West Coast Florida
You Can't Take it With You
Also see Bill's review of The Best of Enemies
Asolo Repertory Theater scores a bullseye with George S. Kaufman and Moss Hart's You Can't Take it With You, brilliantly directed by Peter Amster. This is the play that won Kaufman one of his two Pulitzer Prizes (Of Thee I Sing, with a score by George and Ira Gershwin was the other).
The play's style is firmly rooted in the 1930s and, in order to make a strong impression some 75 years later, it is necessary to impart that snappy, smart period rhythm to the actorsthis the director has done spectacularly well. Every member of the 19-person cast moves with the flair seen in movies of the period. Amster also keeps his traffic flowing smoothly, not an easy task with such a large cast coming and going. There are the requisite near misses, but stage movement and business is handled with the brilliance of a Marx Brothers movie. In this he is assisted by a brilliant set by Jeffery W. Dean, a re-creation of the one used for a previous production of this play in 1985. Its excellence was attested to by a scattering of applause as the curtain rose on act one. It tells the audience a great deal of what they need to know about the family in residence, The Sycamoresthat they had once been gentile and now their best days, financially, are a bit behind them.
The cast, including a number of third year students from the FSU/Asolo Conservatory for Actor Training (many in key roles), is uniformly excellent, completely inhabiting these quirky characters. Frank Capra made a starry movie of this material, with Lionel Barrymore, Spring Byington, Jean Arthur, Jimmy Stewart and other stalwart supporting players of the period, but the current cast owes nothing to their famous forebears. David S. Howard, returning to the Asolo Mainstage after an absence of several year (how dare he think he can retire?) shines as patriarch of the family, Martin Vanderhof. Martin walked out on Wall Street 35 years previous so he could start enjoying life. Howard brings out the zest for life this man must have, along with zaniness and a dose of wisdom picked up along the way. Peggy Roeder as daughter Penny, author of many plays in progress because a typewriter was once mistakenly delivered to their home, is warm and eccentric. Her husband Paul, fireworks entrepreneur extraordinaire, is played by company favorite David Breitbarth. He is often cast as the dominant male, as he is here, and is able to bring a great deal of nuance because of the excellence of the writing.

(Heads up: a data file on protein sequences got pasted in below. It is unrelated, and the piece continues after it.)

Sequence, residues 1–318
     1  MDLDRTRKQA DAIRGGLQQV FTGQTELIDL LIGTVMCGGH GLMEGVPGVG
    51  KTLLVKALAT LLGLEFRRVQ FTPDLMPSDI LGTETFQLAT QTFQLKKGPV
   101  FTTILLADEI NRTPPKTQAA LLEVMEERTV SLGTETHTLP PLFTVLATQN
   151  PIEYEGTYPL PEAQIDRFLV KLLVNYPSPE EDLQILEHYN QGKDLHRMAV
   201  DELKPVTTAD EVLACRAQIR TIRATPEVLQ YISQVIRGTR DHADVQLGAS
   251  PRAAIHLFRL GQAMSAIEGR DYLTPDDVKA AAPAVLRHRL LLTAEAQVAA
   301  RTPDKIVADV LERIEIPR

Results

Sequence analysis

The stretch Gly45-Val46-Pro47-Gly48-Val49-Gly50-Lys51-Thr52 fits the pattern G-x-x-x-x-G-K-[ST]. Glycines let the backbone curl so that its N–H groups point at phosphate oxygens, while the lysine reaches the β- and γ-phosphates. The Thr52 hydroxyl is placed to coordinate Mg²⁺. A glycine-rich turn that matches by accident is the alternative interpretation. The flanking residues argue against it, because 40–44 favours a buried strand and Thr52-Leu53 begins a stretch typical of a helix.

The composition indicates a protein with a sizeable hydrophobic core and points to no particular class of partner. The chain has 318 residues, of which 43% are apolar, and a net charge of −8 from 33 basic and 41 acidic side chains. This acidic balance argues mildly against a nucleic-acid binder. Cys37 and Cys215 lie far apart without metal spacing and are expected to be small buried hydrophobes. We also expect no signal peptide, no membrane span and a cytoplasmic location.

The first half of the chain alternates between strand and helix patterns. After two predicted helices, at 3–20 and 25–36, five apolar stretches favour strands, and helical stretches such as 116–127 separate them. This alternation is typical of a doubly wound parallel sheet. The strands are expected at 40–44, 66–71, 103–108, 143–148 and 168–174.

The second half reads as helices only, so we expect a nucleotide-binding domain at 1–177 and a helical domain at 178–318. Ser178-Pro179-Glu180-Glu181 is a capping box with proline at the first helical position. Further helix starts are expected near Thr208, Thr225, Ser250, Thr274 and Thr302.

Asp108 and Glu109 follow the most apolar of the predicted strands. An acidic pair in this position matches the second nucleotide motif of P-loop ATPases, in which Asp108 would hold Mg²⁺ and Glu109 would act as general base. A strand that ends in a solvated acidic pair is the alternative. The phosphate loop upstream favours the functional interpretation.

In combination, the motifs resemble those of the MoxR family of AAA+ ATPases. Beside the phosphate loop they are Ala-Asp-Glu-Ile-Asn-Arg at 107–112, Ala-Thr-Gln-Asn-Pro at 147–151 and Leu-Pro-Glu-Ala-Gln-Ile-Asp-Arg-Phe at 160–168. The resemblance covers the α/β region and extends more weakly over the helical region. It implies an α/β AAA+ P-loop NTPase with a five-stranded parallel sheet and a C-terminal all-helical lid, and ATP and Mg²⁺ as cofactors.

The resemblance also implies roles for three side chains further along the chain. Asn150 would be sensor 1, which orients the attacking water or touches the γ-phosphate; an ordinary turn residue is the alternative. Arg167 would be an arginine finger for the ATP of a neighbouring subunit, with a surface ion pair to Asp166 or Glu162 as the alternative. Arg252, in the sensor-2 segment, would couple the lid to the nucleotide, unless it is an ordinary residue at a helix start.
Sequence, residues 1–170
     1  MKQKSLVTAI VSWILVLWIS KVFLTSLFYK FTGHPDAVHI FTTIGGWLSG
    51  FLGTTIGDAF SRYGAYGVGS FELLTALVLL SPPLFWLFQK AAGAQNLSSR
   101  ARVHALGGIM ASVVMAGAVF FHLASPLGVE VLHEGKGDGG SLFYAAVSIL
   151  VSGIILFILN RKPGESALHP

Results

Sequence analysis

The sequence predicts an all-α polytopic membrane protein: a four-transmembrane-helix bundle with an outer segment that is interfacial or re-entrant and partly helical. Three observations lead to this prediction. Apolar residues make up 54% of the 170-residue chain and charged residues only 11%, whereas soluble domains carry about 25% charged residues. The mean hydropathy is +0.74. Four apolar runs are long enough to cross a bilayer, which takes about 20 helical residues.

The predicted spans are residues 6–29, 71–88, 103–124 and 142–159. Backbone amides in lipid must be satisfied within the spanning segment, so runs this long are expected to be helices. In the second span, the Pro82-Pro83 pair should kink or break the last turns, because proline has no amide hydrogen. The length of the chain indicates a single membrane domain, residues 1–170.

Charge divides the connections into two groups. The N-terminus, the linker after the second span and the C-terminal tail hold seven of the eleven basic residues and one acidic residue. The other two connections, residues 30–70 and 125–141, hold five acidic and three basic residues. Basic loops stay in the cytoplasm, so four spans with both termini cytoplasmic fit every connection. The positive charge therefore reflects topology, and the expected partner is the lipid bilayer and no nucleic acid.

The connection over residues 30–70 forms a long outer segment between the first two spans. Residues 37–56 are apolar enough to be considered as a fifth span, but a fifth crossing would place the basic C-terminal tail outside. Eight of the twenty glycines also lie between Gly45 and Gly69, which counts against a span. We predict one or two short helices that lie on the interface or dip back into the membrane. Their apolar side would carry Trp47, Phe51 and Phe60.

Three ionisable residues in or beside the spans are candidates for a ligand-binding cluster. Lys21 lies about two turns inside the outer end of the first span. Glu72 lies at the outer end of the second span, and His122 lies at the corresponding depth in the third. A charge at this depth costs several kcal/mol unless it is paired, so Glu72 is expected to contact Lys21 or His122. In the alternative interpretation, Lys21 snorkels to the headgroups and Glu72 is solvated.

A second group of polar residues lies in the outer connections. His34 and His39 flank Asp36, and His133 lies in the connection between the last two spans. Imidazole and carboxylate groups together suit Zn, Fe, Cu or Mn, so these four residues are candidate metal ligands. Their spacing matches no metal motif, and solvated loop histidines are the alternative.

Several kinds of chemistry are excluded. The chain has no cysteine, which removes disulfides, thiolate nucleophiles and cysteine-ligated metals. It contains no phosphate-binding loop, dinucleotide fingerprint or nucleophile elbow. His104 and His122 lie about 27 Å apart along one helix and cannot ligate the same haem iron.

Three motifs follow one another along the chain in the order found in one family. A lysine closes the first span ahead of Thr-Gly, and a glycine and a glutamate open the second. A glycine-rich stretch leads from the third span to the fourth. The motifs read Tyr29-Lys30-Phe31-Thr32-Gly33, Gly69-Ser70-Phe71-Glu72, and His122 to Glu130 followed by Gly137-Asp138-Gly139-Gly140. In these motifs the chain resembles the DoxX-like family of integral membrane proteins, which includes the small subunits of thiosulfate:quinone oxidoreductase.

Also inhabiting the family manse are Penny and Paul's daughter Essie and her husband Ed Carmichael. They are wonderfully played by Lindsay Tornquist and Joseph McGranaghan. He is at his uproarious best playing xylophone badly while she dances around the home en pointe. The calm in the midst of all the craziness is the other daughter Alice, working for a banker and in love with the boss's son Tony Kirby. Played by Brittany Proia and Brendan Ragan, they project the love the characters feel for each other as well as their respective families. Douglas Jones as Mr. Kirby gives a comic gem of a performance bringing out every bit of the man's imperiousness, alongside Gail Rastorfer, excellent as Mrs. Kirby. Eric Hissom as Essie's ballet teacher Kolenkov, Francisco Rodriguez as Mr. DePinna, and Kelly Campbell as drunken guest Gay Wellington all add much to the merriment. A special tip of the hat to Jesse Dornan in the usually thankless role of IRS agent Wilbur C. Henderson. When he warns Martin that the US government will collect the taxes owed to them, he is threatening but much more than a caricature, and when Martin finally frustrates him beyond endurance, his physical collapse is funny but real. Last, and never ever least, is one of my favorites, Carolyn Michel as Grand Duchess Olga Katrina, formally of Russia, who appears midway through the second act as an honored guest and ends up making a huge platter of blintzes. Ms. Michal has made a career of playing daffy ladies, she wears this role like one of the gloves she removes so she can cook dinner. She is assisted by a perfect costume: long sleek dress, tiara and the gloves. She looks like a million bucks after it has been in circulation for a while. When she tells us that Rasputin was everything he was rumored to be, she stops the show in its tracks for a few seconds.
All of these characters have a deep abiding love for each other and serve to keep each other from spinning completely out of their dizzy orbits. The play has been the model for many of the greatest television situation comedies, those with a deep emotional core. While the cast is performing this period piece, the men are rehearsing David Mamet's Glengarry Glen Ross and will perform the two plays in repertory.
Costume design by Virgil C. Johnson is another very strong element. Mention was made above of the fabulous outfit for the Grand Duchess, but all of the costumes are spot on, completely perfect for the characters and the time period. All of the technical aspects of this production are completely in harmony with director Peter Amster's vision.
You Can't Take it With You is the latest in a series of terrific productions of plays requiring strong directorial hand and a great sense of style, such as The Perfume Shop, Fallen Angels, and Once in a Lifetime. Artistic Director Michael Donald Edwards has been able to attract a group of great directors, Peter Amster, Frank Galati and Mark Ruker and others, to deliver these productions.
Asolo Repertory Theater presents You Can't Take it With You in repertory through April 20, 2013, at the Mertz Theater in the FSU Center. 5555 N. Tamiami Trail. Sarasota, Florida. Box Office (941) 351-8000. For more information visit www.asolorep.org.
Cast (in order of appearance)
Direction: Peter Amster